On May 3, 2022, Edgewood brought suit against the city, its zoning board of appeals, its planning commission, the common council, and three individuals. The complaint asserted that the defendants violated the Religious Land Use and Institutionalized Persons Act (RLUIPA), the Free Exercise Clause, and other statutes and constitutional provisions. Trial judge William M. Conley decided the defendants’ motions for summary judgment on December 30, 2022.
In its decision, the court indicated that one purpose of CIDs noted in the city’s zoning regulations was to “[b]alance the ability of major institutions to change…with the need to protect the livability and vitality of adjacent neighborhoods.” Judge Conley also noted that Edgewood’s master plan proposed 22 new projects, but did not include a proposal for improvements to a new athletic field.
Edgewood played its home football games off-campus at Breese Stevens Field, which is also the homefield for Madison East High School, a public institution. After receiving a million-dollar grant from a private donor, Edgewood sought to install lights at its field and upgrade the track surrounding the field. Nearby neighborhoods expressed opposition to putting lights on the field. This opposition dates back to at least 1996. Edgewood was permitted to resurface the track because it could be classified as maintenance and repair.
However, in denying Edgewood a permit to install lighting, both the plan commission and the common council considered evidence from neighboring homeowners suggesting that lighting would have a “substantial negative impact on the uses, values, and enjoyment of surrounding properties” and that Edgewood had produced no evidence to the contrary.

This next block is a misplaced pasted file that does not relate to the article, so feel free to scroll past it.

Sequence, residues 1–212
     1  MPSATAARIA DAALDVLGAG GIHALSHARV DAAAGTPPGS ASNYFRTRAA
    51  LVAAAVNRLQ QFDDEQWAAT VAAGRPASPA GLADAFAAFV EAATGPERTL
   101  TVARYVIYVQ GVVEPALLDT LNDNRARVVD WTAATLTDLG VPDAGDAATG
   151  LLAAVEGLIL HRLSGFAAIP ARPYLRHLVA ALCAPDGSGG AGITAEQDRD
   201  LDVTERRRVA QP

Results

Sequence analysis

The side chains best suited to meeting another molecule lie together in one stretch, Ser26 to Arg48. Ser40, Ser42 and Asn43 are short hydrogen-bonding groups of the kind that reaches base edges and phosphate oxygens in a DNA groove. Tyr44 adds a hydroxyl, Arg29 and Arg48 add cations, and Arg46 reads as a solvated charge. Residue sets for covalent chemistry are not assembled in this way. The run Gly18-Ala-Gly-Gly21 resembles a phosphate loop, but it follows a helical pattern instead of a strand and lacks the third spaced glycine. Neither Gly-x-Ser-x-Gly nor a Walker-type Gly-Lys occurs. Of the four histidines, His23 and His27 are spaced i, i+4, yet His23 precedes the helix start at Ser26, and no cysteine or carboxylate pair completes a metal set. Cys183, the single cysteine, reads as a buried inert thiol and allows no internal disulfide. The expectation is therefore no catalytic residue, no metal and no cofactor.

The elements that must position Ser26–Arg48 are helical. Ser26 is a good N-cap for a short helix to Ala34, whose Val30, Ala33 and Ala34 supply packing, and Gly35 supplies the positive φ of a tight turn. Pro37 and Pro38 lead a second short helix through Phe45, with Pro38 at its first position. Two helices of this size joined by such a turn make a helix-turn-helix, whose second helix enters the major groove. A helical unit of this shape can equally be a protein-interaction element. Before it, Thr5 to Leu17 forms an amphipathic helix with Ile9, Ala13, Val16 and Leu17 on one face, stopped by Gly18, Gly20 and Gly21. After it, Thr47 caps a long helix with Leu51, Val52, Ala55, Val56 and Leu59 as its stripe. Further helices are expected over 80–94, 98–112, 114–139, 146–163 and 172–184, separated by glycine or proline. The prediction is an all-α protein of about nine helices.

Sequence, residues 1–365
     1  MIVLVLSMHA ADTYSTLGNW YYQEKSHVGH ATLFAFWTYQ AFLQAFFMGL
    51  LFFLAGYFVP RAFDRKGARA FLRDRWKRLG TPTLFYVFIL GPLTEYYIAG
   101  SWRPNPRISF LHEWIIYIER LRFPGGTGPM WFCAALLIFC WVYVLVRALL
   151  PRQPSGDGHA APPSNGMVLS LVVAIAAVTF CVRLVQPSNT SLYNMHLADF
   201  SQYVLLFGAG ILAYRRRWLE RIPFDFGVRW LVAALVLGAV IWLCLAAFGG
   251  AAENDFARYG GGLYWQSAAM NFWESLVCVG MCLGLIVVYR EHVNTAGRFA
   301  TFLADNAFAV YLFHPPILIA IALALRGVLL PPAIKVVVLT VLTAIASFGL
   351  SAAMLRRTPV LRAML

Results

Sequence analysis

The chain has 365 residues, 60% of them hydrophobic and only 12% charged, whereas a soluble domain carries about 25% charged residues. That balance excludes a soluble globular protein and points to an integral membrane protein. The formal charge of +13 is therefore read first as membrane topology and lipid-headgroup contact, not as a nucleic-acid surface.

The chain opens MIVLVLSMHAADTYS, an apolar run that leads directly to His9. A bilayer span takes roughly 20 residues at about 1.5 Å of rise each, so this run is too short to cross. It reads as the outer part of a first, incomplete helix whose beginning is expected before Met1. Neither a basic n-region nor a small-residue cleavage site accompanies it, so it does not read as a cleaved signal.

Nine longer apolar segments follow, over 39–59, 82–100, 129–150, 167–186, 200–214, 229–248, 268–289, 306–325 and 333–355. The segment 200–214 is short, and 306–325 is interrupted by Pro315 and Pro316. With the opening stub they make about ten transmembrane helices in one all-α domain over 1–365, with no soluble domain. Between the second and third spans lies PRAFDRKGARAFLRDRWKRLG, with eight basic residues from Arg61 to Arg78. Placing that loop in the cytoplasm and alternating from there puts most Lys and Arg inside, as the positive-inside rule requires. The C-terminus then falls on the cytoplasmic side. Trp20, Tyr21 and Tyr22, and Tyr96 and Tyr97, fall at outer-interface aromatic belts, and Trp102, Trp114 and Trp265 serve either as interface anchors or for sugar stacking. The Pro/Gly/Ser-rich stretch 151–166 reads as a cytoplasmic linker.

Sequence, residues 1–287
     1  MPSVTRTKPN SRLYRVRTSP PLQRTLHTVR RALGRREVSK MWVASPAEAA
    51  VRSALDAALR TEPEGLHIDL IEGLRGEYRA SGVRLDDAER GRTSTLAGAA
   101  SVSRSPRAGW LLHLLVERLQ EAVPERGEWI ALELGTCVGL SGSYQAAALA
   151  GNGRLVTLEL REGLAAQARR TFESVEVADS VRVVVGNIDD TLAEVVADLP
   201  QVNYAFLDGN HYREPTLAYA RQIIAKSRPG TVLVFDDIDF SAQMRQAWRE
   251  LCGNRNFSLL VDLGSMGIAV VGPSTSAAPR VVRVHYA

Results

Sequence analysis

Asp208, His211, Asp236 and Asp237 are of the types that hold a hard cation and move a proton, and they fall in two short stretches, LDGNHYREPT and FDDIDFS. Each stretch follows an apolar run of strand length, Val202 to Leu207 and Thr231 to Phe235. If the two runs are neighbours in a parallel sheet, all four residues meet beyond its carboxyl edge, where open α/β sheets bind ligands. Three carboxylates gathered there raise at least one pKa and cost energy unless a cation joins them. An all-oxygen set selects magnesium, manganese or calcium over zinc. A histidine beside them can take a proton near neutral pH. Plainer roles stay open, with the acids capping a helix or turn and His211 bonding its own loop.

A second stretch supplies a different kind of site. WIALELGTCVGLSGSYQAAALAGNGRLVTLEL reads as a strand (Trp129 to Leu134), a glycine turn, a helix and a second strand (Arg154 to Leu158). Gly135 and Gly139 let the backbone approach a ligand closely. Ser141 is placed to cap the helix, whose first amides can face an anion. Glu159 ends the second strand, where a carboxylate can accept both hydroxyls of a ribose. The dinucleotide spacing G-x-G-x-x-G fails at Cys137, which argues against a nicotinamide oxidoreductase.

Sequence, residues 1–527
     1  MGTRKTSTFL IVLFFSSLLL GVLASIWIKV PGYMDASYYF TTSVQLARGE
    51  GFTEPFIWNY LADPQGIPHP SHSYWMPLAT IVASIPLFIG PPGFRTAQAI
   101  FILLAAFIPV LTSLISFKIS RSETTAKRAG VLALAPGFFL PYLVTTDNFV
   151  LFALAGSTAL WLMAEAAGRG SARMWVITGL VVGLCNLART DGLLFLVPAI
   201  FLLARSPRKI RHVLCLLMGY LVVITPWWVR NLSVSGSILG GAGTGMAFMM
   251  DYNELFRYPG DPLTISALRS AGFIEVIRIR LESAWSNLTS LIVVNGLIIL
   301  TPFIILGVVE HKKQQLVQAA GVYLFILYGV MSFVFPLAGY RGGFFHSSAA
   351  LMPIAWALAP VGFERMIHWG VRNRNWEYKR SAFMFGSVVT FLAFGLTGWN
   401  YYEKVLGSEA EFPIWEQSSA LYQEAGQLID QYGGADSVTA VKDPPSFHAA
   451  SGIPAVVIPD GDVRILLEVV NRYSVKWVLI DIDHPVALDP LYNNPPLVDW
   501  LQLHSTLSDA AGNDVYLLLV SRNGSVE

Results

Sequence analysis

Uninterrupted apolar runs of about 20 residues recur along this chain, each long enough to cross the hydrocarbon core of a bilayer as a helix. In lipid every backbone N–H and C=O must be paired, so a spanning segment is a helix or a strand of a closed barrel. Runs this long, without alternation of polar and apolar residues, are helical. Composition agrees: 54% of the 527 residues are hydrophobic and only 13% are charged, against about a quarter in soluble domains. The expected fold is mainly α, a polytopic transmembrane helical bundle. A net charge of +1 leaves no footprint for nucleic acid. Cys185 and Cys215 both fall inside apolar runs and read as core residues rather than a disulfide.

RLUIPA prohibits city ordinances or zoning rules from treating religious land uses worse than secular land uses. Edgewood argued that the city was wrong to interpret its master plan as precluding all athletic contests, as opposed to practices and physical education classes. The court said that the distinction was beside the key point that outdoor lighting was never identified as a future project in Edgewood’s master plan. In addition, the school held athletic competitions at its field during daylight hours and had never been cited for a violation.
The court also rejected Edgewood’s argument that the city had treated UW and a public high school, Vel Phillips Memorial, more favorably. The court noted: “To establish a prima facie equal-terms violation, the plaintiff must come forward with evidence of a similarly situated secular comparator that is more favorably treated.” Edgewood argued that UW was permitted to install lights at its tennis stadium in 2018. Yet, the court found that UW applied for this installation prior to submitting its master plan, in contrast to Edgewood’s application that was made after it had submitted its master plan.
The trial judge also found that since the plaintiff and a comparator were subject to different standards it “compels the conclusion that there was no unequal treatment.”
DID A PUBLIC HIGH SCHOOL RECEIVE PREFERENTIAL TREATMENT?